LOS ANGELES (AP) — After a 12-year absence, Lee Van Cleef, the lean, hard-eyed Old West gunsel of "High Noon" and later Clint Eastwood's "For a Few Dollars More," is returning to television.
Irony attends his return. He just finished playing a modern hit man in a movie filmed in Spain. Now, he'll play a modern U.S. marshal guarding an ex-hit man who is testifying against a syndicate boss.
Van Cleef's show, airing Sunday at 9:30 p.m. on NBC, is a series pilot called "No Where To Hide" He plays Ike Scanlan, protector of an informant to whom the mob wishes to render a .357 Magnum salute.
It's a strange role for the man who, because of some 60 movies and 150 TV shows, is well-known as one of acting's most sinister villains. It's even stranger to find the villain a funny, easy-going character.
Interviewed at his tree-lined home in suburban Tarzana, he popped open a can of beer for his visitor, lit a cigarette and then denied that Sunday's show is the first time he's represented the forces of decency.
"Naw, not really," chortled the 51- year-old native of Somerville, N.J., who started acting in the early 1950s' in the road company of "Mister Roberts," which led to his big film break in "High Noon."
"Back in the Fifties I did a couple of good guys," he insisted. After thinking hard, he cited a "Medic" episode where he played a doctor.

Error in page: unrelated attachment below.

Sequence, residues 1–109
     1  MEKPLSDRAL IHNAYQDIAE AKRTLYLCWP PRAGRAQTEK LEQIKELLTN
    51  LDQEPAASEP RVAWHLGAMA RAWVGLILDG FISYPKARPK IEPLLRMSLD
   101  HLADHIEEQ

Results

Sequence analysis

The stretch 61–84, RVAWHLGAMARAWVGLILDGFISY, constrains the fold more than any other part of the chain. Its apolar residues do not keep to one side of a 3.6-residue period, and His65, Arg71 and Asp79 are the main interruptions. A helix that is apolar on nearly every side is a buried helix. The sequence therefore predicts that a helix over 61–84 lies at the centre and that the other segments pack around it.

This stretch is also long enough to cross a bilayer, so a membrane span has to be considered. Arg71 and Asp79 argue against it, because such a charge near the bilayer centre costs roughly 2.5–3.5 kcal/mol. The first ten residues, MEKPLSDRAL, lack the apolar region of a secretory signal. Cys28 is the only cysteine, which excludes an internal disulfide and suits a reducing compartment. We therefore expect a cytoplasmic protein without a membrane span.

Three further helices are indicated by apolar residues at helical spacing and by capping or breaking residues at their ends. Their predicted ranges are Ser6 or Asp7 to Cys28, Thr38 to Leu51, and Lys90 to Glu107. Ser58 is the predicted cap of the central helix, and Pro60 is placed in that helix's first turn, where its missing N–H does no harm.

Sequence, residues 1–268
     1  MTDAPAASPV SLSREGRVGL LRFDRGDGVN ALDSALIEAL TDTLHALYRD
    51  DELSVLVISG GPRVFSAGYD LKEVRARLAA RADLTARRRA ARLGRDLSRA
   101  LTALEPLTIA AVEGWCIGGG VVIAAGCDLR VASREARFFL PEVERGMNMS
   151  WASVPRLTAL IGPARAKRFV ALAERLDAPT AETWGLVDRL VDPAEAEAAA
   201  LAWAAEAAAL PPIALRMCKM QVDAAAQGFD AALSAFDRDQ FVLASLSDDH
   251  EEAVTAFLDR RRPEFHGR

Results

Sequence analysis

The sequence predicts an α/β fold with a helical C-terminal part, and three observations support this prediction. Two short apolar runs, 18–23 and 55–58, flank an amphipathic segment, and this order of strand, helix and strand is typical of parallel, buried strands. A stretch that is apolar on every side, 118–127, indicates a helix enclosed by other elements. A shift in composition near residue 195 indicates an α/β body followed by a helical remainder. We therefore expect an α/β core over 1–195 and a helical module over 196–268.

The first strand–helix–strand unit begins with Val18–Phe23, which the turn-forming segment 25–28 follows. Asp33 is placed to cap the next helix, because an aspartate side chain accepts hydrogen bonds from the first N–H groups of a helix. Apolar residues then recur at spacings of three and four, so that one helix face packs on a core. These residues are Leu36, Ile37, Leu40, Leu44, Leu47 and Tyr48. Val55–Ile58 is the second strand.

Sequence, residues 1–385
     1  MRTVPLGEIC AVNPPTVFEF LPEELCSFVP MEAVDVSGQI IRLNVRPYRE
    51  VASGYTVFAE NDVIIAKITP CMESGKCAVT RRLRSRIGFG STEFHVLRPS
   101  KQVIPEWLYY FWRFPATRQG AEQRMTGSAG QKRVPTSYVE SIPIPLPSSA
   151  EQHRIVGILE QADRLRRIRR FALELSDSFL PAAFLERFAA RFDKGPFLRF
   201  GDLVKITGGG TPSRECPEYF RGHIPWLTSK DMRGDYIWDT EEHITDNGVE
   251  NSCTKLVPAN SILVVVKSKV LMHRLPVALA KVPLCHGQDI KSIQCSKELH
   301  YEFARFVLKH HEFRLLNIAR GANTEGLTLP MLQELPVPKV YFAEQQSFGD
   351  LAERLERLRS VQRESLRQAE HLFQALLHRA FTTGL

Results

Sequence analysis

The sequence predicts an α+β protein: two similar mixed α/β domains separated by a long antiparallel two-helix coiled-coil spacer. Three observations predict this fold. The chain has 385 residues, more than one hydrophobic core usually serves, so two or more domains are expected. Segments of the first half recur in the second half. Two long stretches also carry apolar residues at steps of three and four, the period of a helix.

But Van Cleef, who at home does such unvillainous things as paint, play guitar and sing — surprisingly well — in the Johnny Cash manner, admits his Bad Guy image does cause him woe at times.
When asked if, while taking the waters in a bar ...
"Do guys come up and say, 'Are you as .tough as you play in the movies?" he said, posing the question in a low, tough-guy voice. He sighed and looked at his knuckles. "I'm counting a couple busted hands out of that."
Then the actor, who at 6 feet 2 and 200 pounds appears fit enough to hunt bears with a toothpick, started laughing. "The last one I had was in a bar down on Sunset Boulevard and a Texan about 6 feet 5 was pulin' that jazz. I knew what was happening, so I accidentally knocked my change off the bar. Then I went down to pick it up, came up and 'Boom!' Almost tore hishead off. So they carried him out theback and I walked out the front, adios."
But Van Cleef, a mild-mannered man with a hipster's sense of humor, emphasized he tries to avoid such situations, even though they're part of the hazards of playing the baddie so often in films.
He also said he specifically took the part of Scanlan, the lawman, in Sunday's show "as a change from being the bad guy." And now he even wants to, give situation comedy a shot.
Van Cleef, whose greatest fame came from the roles he played in a series of spaghetti Western made in Italy and Spain was asked why he's stayed out of television for so long.
"Oh, I was having a lot more fun in Europe," said the veteran movie gunfighter. He smiled when he said it, pardner.